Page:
Ya, it’s by Terrance Chan, who used to run PokerStars support. Also used to play a lot of poker; not so much anymore. I just think it’s interesting to learn what guys who used to be in the poker world and aren’t any longer are now up to. I’m fascinated by people who are doing well in life.
I make a point to try and use my time wisely. When I’m on an airplane or in the gym I’m always listening to a podcast. I have a huge list of podcasts I have to get through.
Ya, well we’ve tried to find our little niche of catering to the tastes of home game poker players here on the Top Pair Home Game Poker Podcast.
Home game players make up the vast majority of players, at least in America. Most people don’t have a poker room near them. The rake at those places is high and it’s difficult to beat that unless you’re playing for really high stakes, so it makes sense for home game players to get together and have a good time, rake-free, so long as they’re not doing anything illegal of course.
You’re a very prolific poker author, having produced hundreds of articles and training videos over the years for publications like Card Player Magazine and Pokerstrategy.com. You’ve also penned 4 books; the 3-volume Secrets of Professional Tournament Poker series and recently Jonathan Little on Live No-Limit Cash Games. Why so much dedication to trying to teach people how to be better poker players?
It’s a very rewarding thing to do for me because I get to improve people’s lives. More than 100 people have come up to me and told me they used to play for small stakes and now they’re professional poker players. Particularly, if you live in a place with a low cost of living, you could make it as a professional poker player even not playing for the highest of stakes. A lot of people in that situation have followed my coaching strategies in that regard.
In my career I’ve spent about $20,000 on coaching and it’s been worth it. I look at it as tuition and it’s cheaper to learn from someone who has already been there than try to figure it out yourself. Lots of people want to get the knowledge out of my head, so that’s why I do it. Coaching people also makes me a better player. Once in a while I’ll learn a thing or two as well. I also learn how amateur players play from listening to their thought processes – that’s something that’s pretty tough for us pros to do.
You’ve spent a good amount of money on coaching – who are your inspirations and who have you gone to in the past to learn poker?
In the past, I would try to learn a new game every 6 months. I would pick a different coach for each game – someone who specialized in that game. The one who has probably been the most beneficial to me was Greg Shahade; an international chess master and a very good high stakes Sit N Go player. I paid him $5,000 for 10 hours of coaching, which is high; like $500/hour. But he told me that he valued his time highly and that I’d make it back very quickly, which I did. He didn’t teach me too much generally speaking, but the things that he did teach me (plugging certain leaks in my game) helped me to the tune of about a 2% increased edge. That might not sound like much, but when you’re playing for high stakes and a ton of volume, that’s very significant; so I made a ton of money from his tips.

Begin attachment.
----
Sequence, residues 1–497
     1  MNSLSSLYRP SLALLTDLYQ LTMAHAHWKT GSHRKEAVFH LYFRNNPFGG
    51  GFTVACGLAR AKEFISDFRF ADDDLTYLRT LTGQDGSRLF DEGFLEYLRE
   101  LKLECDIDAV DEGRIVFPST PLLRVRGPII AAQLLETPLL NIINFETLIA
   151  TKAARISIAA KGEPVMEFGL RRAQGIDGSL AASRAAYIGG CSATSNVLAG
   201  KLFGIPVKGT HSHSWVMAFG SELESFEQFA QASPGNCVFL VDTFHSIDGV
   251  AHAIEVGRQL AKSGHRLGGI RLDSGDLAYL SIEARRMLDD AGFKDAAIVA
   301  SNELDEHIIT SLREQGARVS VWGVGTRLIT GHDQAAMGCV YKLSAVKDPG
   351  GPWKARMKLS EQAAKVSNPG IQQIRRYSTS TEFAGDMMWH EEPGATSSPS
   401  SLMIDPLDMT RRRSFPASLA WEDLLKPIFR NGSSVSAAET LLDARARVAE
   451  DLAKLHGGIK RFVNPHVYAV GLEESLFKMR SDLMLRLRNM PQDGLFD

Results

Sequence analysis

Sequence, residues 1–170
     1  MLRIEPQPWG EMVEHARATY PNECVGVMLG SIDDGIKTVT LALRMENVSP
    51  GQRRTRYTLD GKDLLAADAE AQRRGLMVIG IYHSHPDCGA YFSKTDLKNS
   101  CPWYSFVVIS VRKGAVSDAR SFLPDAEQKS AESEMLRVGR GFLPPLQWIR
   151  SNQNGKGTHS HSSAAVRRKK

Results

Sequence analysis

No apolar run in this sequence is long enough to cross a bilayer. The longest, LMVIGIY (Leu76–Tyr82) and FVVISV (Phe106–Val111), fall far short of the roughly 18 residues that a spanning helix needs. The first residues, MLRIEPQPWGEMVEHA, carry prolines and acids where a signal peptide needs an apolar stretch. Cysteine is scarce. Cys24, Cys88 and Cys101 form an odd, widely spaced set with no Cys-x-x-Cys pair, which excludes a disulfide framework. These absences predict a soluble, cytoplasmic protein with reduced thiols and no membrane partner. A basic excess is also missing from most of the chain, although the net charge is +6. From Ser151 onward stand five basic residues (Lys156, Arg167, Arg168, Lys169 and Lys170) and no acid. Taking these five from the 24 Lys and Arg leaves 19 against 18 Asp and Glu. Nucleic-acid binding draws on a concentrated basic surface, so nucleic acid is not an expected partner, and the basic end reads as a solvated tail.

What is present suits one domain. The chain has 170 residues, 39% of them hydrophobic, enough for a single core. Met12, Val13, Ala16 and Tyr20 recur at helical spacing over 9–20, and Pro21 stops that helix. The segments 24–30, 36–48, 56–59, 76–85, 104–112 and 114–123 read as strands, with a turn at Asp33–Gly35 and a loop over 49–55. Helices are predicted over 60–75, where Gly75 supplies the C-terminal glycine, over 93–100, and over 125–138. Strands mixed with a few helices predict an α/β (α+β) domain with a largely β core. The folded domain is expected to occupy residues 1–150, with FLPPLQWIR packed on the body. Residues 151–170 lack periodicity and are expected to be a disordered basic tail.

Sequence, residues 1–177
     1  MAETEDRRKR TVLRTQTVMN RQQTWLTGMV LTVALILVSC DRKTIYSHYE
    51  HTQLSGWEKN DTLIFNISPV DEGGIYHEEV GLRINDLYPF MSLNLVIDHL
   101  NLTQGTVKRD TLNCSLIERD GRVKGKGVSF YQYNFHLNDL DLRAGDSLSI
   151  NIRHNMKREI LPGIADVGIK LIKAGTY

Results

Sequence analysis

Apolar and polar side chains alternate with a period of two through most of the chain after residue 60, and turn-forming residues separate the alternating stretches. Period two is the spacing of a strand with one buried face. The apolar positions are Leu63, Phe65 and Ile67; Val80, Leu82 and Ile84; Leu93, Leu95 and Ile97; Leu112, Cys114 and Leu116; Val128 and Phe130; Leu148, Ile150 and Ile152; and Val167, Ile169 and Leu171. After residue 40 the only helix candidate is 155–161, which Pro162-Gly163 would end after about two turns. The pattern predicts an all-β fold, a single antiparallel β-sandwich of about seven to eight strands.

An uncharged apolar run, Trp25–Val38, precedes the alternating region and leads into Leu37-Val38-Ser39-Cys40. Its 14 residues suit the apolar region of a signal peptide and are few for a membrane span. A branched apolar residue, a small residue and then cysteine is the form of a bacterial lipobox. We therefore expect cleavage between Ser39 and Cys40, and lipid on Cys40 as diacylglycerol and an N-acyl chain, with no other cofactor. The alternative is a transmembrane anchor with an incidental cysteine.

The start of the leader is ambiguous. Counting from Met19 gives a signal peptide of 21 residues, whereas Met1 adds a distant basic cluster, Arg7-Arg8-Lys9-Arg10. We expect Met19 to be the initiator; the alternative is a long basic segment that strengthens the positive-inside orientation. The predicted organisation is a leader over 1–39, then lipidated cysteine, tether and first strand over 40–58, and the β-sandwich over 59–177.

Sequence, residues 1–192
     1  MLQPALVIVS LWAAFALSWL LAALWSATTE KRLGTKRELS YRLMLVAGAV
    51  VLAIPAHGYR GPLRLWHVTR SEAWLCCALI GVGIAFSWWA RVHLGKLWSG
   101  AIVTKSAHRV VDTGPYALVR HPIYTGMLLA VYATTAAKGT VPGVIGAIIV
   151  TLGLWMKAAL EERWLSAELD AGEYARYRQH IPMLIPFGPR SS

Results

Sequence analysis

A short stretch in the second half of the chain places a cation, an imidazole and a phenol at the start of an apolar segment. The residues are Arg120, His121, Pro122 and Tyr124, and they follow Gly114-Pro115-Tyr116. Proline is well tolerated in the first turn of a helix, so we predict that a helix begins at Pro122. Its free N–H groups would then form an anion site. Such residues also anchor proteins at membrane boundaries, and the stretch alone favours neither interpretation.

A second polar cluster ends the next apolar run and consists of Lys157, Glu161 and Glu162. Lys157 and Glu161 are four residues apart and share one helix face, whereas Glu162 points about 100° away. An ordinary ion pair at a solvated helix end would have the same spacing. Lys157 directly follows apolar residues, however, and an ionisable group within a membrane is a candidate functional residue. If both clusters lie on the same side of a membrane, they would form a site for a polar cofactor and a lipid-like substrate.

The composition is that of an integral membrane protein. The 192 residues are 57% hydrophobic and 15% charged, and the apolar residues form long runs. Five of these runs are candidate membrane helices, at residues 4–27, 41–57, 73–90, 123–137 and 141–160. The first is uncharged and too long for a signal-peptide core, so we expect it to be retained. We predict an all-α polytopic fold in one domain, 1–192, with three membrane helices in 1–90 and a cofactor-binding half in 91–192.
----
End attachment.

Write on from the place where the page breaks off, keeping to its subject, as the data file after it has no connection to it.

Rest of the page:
Today, I just bounce ideas of my poker friends – we sort of coach each other.
What’s floattheturn.com about and what’s unique about it versus other training materials?
It’s a training site I’ve had for a while. Over 500 videos. Only $10 a month and you get 10 new videos a month + access to all the old ones as well.
Many sites out there want like $100 a month, but I’m not trying to gouge people – there’s value in the coaching and what I offer.
I also offer one free webinar there each month. A few other coaches post videos there too.
I’ve seen a few times on Twitter that you offer 1-on-1 training sessions for $300/hour. In the non-poker world that’s a LOT of money; even in the poker world that’s a sizable sum. Seems like someone would have to have quite the bankroll to pay for lessons from you… Honestly, if that’s something they could already afford, they’re probably earning enough from poker not to need lessons, no?
It goes back to what I was saying: If I can increase someone’s win rate by even a tiny percentage, that’s gonna pay off pretty quickly (assuming they’re playing high stakes and putting in lots of volume). I don’t get very many recreational players. The majority of people are aspiring pros who have a job and a decent bankroll. They’re just looking to improve and I’m pretty good at finding holes in people’s games. I mean, you show me 10 hands, I can probably find 5–6 things you’re doing wrong.
I sort of look at poker coaching as tuition for going to college. People are perfectly willing to pay $20,000 a year to go to college but they’re really nitty when it comes to hiring a poker coach and paying for that type of education. If you want to get good information from qualified people, you need to pay some sort of a premium. I’m not really too big of a fan of offering coaching $300/hour, as I have other stuff I need to be doing. The other stuff I do, like article writing and video making is scalable, in that I can be training many more people simultaneously and making more money from that than just a one-on-one for $300/hour.
It’s great when such knowledgeable people like yourself, who have learned so much, are so ready and willing to give back and help other people.
I’m a big fan of teaching people who want to get good at stuff how to get good at it. That’s going to make them happy and that’s what makes me happy.
A lot of people don’t care to get good; they just want to sit around, play and have a good time. That’s not my target audience. My training is for people who aren’t afraid to get out of their comfort zone and who want to win money.
Thanks so much for your time Jonathan. Is there’ anything else you want to tell our listeners before you go?
I just posted a free Webinar about a month ago. You can get it at www.jonathanlittlepoker.com/mistake, where I discuss the #1 mistake that cash game players make, and I see it all the time. I imagine many home game players make this mistake too, so they should check it out; probably a very good resource for this audience.